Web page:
NIH Engages Women in Medical Research
The National Institutes of Health has unveiled new policies that will engage women in all phases of medical research.
The National Institutes of Health plans to engage women in all phases of medical research, according to commentary recently published in the science journal Nature.
Released by NIH Director, Francis S. Collins and NIH Office of Research on Women’s Health Director, Janine Clayton, this paper unveiled new policies designed to eliminate gender disparities in research. Passed in 1993, the NIH Revitalization Act requires women to be included in all clinical research funded by the NIH, specifically trials conducted just before FDA approval. Thanks to this requirement, more than half of NIH-funded research participants are now women. But the problem remains that females are underrepresented in the early phases of medical research, like studies involving cells and animals.
Cell and animal studies provide important information which guides clinical trials in humans. The problem is that most research relies heavily on male animals and cells, which creates a problem further down the road. Once studies are conducted in humans, women tend to experience much higher rates of adverse drug reactions than men. In fact, it’s estimated that between 1997 and 2000, 80% of the drugs taken off the market caused more adverse events in women vs. men. Experts believe that including female and male cells in early phases of research could help catch these differences before studies are conducted in humans.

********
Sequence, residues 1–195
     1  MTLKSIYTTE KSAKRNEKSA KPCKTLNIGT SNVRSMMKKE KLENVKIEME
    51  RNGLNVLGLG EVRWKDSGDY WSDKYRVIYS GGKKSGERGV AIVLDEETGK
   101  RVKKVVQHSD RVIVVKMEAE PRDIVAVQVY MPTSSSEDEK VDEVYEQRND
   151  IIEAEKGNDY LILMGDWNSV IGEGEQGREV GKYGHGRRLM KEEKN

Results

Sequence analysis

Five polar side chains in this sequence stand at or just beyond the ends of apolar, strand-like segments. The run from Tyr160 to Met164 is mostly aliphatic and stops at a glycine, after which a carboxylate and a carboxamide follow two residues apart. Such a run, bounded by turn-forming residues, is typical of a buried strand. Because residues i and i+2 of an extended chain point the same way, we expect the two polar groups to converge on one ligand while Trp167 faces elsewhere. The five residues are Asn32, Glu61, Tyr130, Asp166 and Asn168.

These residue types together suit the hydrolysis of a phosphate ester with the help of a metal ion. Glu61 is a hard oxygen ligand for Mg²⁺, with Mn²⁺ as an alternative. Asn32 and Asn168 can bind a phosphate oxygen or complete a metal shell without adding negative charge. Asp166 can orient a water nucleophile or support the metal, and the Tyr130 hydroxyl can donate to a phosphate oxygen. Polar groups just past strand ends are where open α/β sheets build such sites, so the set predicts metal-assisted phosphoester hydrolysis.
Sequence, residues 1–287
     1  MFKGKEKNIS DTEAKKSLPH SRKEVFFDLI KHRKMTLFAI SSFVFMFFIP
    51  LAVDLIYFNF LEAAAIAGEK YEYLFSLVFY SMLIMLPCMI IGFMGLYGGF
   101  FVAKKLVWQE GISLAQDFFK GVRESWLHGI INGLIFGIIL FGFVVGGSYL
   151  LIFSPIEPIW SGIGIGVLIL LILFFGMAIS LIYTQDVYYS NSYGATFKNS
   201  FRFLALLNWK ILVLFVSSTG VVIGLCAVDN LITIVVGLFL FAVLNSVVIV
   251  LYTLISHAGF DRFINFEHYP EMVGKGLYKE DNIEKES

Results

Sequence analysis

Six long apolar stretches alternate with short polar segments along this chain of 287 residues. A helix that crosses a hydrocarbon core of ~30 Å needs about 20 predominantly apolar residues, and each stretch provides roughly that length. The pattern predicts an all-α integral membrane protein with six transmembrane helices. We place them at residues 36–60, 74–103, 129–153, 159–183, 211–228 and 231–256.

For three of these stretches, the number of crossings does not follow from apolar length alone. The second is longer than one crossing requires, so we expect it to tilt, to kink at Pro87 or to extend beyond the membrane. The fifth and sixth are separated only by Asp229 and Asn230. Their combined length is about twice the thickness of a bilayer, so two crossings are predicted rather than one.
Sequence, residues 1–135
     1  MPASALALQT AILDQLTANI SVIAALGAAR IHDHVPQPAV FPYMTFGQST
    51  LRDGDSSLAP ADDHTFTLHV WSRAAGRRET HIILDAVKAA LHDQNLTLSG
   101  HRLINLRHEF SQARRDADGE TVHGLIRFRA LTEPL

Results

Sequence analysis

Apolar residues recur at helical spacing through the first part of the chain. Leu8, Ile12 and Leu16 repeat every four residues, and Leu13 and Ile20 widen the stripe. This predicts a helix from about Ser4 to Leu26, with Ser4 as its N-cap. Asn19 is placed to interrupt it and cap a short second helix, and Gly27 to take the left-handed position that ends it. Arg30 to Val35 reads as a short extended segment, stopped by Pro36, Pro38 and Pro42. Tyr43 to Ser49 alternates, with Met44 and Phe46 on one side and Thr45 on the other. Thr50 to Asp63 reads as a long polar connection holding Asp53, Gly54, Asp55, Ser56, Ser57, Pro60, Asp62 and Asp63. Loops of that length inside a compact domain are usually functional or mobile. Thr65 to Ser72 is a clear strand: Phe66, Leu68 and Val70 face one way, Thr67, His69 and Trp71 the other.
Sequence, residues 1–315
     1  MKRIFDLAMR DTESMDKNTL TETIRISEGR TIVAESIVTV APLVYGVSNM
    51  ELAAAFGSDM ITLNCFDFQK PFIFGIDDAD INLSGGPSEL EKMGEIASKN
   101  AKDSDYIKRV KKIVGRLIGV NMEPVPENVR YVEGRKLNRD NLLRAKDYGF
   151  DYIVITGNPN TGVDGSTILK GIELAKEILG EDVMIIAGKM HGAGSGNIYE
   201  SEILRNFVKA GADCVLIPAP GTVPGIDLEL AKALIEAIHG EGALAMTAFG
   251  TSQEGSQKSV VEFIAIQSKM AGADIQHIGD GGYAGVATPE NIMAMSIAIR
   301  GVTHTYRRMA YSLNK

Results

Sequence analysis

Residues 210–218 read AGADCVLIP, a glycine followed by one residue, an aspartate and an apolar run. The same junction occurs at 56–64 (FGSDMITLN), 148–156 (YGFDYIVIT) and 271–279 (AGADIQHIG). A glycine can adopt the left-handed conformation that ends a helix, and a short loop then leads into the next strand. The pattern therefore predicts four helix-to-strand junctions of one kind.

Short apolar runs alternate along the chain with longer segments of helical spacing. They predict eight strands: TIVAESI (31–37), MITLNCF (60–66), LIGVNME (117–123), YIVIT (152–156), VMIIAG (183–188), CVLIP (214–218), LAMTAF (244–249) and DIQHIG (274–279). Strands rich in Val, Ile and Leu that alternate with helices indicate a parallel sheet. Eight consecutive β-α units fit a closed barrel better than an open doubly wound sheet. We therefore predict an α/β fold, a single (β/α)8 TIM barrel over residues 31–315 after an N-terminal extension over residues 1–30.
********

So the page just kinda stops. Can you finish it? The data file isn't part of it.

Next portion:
The NIH is now actively working to address these issues by introducing new policies that require inclusion of females in the early phases of research. These policies will be rolled out beginning this October with hopes of transforming how science is done. The Society for Women’s Health Research, a nonprofit dedicated to transforming women’s health through science, advocacy and education, commends the NIH for their efforts but points out that change will take time. Including women equally in all phases of medical research will not be immediate and we still have a long way to go to eliminate gender differences in research. Still, new policies requiring females to be included in early phases of research is a great step to ensuring that women are represented at every stage of medical research.
Questions for You to Consider
- What is a clinical trial?
- Clinical trials are research studies on human subjects that help answer specific questions about the safety and efficacy of treatments. Clinical trials are strictly regulated to protect the health and safety of study participants.
- What are the different phases in clinical trials?
- Clinical trials have three distinct phases, each of which has different goals. Phase I and II clinical trials are used to demonstrate that a new treatment is safe for a small group of people and determine how well it works. Phase III clinical trials compare the new treatment with standard treatments in a large group of people. After passing a phase III trial, researchers can then submit an application for FDA approval.